I bought the book at a library sidewalk sale and for $1 I figured it would either be a nice accessory on my bookshelf or I’d be lucky and actually enjoy it. In a healthy almond nutshell, the unique story begins in 1912 when fishermen find a baby floating on a slab of ice in Newfoundland. The baby (Aurora) is taken in and raised by a local family and the story follows Aurora through her life, marriage, children, and comes full circle when her granddaughter discovers that Aurora and her mother were passengers on the Titanic.
In its own way, Newfoundland is a leading character in the story and the reader learns about the history, geography, politics, and people. Quick history lesson: Usually called simply Newfoundland, the Canadian province’s name is officially Newfoundland and Labrador. The name change in 2001 gave more equality to mainland Labrador, which is overshadowed by the more inhabited and popular island of Newfoundland. Newfoundland and Labrador is Canada’s most easterly province and is a bit smaller than California and a bit bigger than Japan. The province’s geographical highlights include its waterways and coastline, thousands of coastal islands, and mountainous regions.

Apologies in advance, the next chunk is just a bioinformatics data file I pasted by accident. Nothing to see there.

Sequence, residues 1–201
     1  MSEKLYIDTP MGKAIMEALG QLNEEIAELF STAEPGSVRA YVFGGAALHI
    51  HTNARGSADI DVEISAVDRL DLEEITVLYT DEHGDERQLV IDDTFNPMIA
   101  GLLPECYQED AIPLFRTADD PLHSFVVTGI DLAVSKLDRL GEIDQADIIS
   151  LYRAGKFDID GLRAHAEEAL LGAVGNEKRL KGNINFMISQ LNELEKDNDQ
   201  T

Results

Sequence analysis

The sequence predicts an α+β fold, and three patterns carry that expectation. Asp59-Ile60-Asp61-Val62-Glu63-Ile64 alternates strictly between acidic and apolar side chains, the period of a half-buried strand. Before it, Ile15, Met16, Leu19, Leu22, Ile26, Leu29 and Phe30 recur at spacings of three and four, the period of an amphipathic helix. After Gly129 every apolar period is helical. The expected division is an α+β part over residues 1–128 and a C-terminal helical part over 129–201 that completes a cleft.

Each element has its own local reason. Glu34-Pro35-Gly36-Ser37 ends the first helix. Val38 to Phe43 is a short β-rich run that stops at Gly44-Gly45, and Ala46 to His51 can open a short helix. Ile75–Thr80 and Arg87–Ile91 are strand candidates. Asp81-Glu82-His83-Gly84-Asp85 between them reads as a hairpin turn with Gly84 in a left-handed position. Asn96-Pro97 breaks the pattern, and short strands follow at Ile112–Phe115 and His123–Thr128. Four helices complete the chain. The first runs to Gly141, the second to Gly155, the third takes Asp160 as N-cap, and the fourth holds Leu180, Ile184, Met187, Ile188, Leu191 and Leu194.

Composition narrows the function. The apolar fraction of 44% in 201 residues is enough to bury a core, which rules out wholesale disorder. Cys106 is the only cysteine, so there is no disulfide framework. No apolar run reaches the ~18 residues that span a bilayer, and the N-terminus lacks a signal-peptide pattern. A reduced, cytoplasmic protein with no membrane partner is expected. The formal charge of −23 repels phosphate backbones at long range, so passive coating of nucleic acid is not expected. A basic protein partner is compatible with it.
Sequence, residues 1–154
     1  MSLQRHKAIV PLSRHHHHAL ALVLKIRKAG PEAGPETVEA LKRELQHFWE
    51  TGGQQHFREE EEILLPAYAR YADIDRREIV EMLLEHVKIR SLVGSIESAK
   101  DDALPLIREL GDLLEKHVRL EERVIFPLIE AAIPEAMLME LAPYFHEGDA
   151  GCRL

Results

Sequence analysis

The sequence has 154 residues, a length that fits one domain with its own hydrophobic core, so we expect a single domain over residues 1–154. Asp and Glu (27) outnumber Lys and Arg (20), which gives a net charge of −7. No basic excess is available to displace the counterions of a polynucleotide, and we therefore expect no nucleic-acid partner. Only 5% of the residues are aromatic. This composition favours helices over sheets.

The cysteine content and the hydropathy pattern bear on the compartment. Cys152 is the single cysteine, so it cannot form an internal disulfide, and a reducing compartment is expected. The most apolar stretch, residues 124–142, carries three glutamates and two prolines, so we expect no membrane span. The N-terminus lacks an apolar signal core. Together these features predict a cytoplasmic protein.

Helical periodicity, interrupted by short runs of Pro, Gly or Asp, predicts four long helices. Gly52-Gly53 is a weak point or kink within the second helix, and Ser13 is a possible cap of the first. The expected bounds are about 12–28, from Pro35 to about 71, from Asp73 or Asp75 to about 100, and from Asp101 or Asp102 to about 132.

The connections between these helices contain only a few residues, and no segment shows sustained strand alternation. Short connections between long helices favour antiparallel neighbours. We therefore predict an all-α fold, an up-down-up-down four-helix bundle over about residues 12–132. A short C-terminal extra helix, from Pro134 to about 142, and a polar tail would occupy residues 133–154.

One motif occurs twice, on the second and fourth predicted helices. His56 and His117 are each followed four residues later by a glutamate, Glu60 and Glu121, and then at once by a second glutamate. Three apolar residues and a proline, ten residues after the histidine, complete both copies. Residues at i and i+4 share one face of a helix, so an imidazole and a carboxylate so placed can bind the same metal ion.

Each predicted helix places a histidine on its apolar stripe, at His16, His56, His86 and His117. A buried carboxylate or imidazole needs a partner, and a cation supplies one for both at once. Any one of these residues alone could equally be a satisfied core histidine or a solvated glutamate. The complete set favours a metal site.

As I read Latitudes of Melt, I could imagine the landscape, the people, and the overall environment. I always enjoy a story that allows me to dive-in, imagine characters, people, and places, and also learn new things. One thing I knew about Newfoundland prior to reading the book: That these Guys’ ancestors were from Newfoundland Labrador.
Question: What are you reading? I’m reading Bright’s Passage by Josh Ritter. I was teary-eyed by page 4. Stay tuned on this one!